Well the rest of the misery is a long story best forgotten. So let's talk about my luck amidst this chaos. The x-ray suggested a humerus broken in two requiring surgery. But a straight forward surgery it would be. The doctor at the hospital we were at, was unavailable till Monday which was a good day and a half away. Luckily my orthopedic surgeon in Mumbai was available on the phone and told me that if I could get to Bombay he would patch me up on Sunday itself. Just his assurance lifted my spirits. He is an incredible soul not just a great doctor. But shipping me to Bombay, with a bone broken in two, was not an option that was the first choice. And so the family in Delhi was called for reinforcement. 

All Indians have extended families and every extension comes with multiple memories. The Evergreens as I would like to call them have not changed in the last three decades. The eldest on mother's side, they have always been there for everyone. And so Mr. Evergreen was contacted. He would not hear of a transfer to Bombay. Of course he would speak to the surgeon who had done his surgery and then Noddy's and would ensure his niece was taken care of. So off PS went to have me discharged from hospital X.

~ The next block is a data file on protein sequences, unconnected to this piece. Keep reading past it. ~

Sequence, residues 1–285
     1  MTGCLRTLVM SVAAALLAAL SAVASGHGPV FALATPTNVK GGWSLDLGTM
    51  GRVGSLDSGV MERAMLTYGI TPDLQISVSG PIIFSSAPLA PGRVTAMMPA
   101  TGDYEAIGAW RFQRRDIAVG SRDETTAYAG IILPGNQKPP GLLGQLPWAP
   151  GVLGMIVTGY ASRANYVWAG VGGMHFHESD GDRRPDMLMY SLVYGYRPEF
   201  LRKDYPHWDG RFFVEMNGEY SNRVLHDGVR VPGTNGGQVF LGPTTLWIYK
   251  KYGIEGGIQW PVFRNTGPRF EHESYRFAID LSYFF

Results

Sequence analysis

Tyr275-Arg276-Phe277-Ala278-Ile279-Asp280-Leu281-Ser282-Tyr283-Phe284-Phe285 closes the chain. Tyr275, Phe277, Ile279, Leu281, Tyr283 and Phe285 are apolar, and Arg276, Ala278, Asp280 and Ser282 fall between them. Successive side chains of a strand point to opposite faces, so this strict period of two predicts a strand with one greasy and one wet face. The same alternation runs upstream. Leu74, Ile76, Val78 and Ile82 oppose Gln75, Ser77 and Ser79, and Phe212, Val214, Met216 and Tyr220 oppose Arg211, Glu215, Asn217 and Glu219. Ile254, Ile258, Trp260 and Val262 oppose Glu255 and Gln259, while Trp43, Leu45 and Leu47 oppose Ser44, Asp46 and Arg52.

The mere mention of discharge had everyone from the junior orthopedic surgeon to the HOD, trying to convince PS and Sequoia not to go to another hospital. I was a lamb that the cash machine would slaughter. Insurance companies would be sliced as well. A meaty meal, I could not be let out of the cage. Well but Sequoia being in the medical profession knew how to open the lock of the cage and have me moved to a more humane care environment. So I was a free being for a while again. 

PS with his own back in pain and Sequoia leaving all her work behind, once again started to drive me. The car was going no faster than 20kmph and PS ensured all pot holes were missed. Sequoia regularly provided support to my arm, how did she do that from the backseat only she knows. She and PS were my rock of Gibraltar that day. 

At the Evergreens' surgeon, Mr EG came to me. Face tense, eyes laden with concern, he put a hand on my head and said, "God what happened beta (child)". In the next instant, the tension melted into affection and the care into strength; he cradled my cheeks in his palms and said , " this too shall pass I promise". His love gave me new found strength. I was reminded of grandfather and gave in to being operated in Delhi. The surgery was scheduled for 830am on Sunday. It was 12 hours to being fixed...